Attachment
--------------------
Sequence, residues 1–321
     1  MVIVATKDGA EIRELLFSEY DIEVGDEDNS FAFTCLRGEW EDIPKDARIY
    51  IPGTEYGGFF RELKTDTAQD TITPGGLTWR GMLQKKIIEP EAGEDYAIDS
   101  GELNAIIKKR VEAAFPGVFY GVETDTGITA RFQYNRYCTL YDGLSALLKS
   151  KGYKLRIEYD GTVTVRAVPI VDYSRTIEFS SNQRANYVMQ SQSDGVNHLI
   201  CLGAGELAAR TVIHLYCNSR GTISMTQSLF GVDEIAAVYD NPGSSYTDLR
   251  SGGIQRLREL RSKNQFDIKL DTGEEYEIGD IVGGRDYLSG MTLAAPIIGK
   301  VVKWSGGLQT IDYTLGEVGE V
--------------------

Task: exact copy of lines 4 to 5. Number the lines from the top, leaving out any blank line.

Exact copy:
   101  GELNAIIKKR VEAAFPGVFY GVETDTGITA RFQYNRYCTL YDGLSALLKS
   151  KGYKLRIEYD GTVTVRAVPI VDYSRTIEFS SNQRANYVMQ SQSDGVNHLI